Funds boost for language learning

25th November 1994 at 00:00
Pressure from the Education Secretary and a former minister appears to be responsible for the doubling of funding for new language-teaching projects under Section 11 next financial year.

Gillian Shephard is known to have regarded the restoration of some Section 11 money as a priority when she took over as Education Secretary this summer, while former Minister of State Baroness Blatch - now in the Home Office, which has responsibility for the scheme - has recently expressed concerns over the effects of cuts on school pupils.

Section 11 has been under extreme financial pressure from three sources. More than than half of its funds - around Pounds 60 million next year - are being transferred into the new Single Regeneration Budget (SRB), where around Pounds 25m immediately becomes part of the Pounds 100m general pot of cash. Moreover, Home Office funding has been decreasing steadily - from Pounds 129m in 1992-93 to Pounds 111.5m next year - as has the proportion of money it provides to support each project with the local authority. Last financial year it provided 75 per cent towards each scheme: next year it will be just half.

The new money, announced in a parliamentary written reply by Home Secretary Michael Howard, is unusual in that it does not all come from his department. He has provided just one third of the Pounds 15m, with the remainder split between the Departments for Education and Environment. It doubles the Pounds 15m already earmarked in next year's Section 11 budget for new projects, and can apparently also be used for continuation of projects destined to end next April. It means that the amount of money left in Section 11 outside the SRB next year will be around Pounds 65m, an amount which does not impress local authorities.

Councils are particularly upset that Section 11 money will pro-vide a "disproportionately large" amount - around 25 per cent - of the Pounds 100m which forms the SRB's general pot of money not ring-fenced for a particular purpose. They fear this situation will worsen as existing S11 projects within the SRB come to an end and the money is freed for general use.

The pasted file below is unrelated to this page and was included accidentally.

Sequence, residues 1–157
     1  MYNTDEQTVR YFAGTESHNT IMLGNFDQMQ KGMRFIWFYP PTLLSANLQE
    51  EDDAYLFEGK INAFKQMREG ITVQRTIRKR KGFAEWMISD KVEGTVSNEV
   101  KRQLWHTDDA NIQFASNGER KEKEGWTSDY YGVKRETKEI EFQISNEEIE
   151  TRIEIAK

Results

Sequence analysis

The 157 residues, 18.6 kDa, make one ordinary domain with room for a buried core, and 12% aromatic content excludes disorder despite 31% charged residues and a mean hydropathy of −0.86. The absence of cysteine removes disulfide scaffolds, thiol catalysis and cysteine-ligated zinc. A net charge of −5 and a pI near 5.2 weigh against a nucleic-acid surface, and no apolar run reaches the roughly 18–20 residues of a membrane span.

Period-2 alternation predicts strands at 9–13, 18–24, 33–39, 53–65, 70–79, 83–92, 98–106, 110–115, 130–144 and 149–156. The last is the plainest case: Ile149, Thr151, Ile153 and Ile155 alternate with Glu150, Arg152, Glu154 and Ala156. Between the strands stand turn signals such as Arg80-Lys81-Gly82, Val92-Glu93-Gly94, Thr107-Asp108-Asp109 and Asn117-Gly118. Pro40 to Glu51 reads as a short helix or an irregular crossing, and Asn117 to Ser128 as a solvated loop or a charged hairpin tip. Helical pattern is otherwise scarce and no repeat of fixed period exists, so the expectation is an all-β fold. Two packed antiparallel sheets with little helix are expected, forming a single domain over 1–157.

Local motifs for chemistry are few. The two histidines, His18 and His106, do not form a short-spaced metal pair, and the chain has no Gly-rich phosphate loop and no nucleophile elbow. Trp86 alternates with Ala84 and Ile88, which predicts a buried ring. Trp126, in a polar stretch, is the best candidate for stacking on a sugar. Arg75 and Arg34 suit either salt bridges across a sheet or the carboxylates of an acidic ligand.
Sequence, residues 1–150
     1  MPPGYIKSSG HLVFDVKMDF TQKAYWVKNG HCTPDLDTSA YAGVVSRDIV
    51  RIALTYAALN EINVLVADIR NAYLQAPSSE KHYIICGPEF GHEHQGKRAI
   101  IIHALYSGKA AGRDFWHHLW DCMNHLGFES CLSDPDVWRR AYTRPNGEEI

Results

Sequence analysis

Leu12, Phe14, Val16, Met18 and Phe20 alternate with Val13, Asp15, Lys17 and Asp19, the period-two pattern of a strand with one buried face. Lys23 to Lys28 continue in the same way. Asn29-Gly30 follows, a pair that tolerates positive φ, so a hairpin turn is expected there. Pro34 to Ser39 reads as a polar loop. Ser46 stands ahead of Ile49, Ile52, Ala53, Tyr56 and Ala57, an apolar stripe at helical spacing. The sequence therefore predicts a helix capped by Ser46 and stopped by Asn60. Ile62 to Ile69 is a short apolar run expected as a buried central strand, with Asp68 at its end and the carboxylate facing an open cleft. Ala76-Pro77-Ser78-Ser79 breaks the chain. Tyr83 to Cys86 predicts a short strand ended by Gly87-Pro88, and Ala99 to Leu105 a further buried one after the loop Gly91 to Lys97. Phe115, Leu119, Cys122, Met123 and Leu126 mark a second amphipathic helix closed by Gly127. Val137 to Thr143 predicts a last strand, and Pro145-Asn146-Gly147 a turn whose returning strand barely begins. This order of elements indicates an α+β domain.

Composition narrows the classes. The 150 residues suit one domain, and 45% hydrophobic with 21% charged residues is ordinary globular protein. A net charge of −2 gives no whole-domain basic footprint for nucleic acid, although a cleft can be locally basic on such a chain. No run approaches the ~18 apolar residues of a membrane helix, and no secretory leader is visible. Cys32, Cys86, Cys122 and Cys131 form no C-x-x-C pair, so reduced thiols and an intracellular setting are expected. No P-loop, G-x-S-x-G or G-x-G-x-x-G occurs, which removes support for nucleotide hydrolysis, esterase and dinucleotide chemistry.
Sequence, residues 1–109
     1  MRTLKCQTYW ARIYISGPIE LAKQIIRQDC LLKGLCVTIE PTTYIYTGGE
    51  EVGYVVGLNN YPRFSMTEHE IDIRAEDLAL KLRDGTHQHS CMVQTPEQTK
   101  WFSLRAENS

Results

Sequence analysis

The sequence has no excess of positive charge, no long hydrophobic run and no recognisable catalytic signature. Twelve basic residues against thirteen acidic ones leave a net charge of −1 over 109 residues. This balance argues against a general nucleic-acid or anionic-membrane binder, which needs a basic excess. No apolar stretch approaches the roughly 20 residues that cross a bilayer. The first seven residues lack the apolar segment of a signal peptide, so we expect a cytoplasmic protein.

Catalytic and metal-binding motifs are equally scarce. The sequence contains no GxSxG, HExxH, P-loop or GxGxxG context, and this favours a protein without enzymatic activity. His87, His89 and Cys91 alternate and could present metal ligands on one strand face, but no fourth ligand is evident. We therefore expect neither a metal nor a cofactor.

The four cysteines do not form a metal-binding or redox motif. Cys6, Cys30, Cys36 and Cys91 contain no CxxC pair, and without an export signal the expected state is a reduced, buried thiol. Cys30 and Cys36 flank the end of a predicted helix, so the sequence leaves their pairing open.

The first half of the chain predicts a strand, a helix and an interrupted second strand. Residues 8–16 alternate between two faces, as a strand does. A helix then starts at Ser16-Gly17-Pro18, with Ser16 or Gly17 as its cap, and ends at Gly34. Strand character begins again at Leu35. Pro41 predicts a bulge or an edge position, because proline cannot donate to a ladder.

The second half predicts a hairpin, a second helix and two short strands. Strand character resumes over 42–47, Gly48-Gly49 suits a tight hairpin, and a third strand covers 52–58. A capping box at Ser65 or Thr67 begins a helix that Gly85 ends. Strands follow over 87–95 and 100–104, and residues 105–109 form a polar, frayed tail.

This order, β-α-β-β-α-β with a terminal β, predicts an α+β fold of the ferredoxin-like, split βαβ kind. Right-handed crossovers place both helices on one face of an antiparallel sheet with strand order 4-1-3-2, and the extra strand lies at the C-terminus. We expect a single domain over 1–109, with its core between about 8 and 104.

They are continuing to campaign for transitional funding for projects coming to an end, the ring-fencing of S11 money within the SRB, and a coherent, long-term project for language acquisition.

Graham Lane, chairman of the Association of Metropolitan Authorities' education committee, said: "The majority of Section 11 money funds classes in English as a second language. Continuity of funding is essential.

"Once again we see the Government reacting to a crisis of its own making by producing short-term props rather than establishing real, continuing support for language learning."

Subscribe to get access to the content on this page.

If you are already a Tes/ Tes Scotland subscriber please log in with your username or email address to get full access to our back issues, CPD library and membership plus page.

Not a subscriber? Find out more about our subscription offers.
Subscribe now
Existing subscriber?
Enter subscription number


The guide by your side – ensuring you are always up to date with the latest in education.

Get Tes magazine online and delivered to your door. Stay up to date with the latest research, teacher innovation and insight, plus classroom tips and techniques with a Tes magazine subscription.
With a Tes magazine subscription you get exclusive access to our CPD library. Including our New Teachers’ special for NQTS, Ed Tech, How to Get a Job, Trip Planner, Ed Biz Special and all Tes back issues.

Subscribe now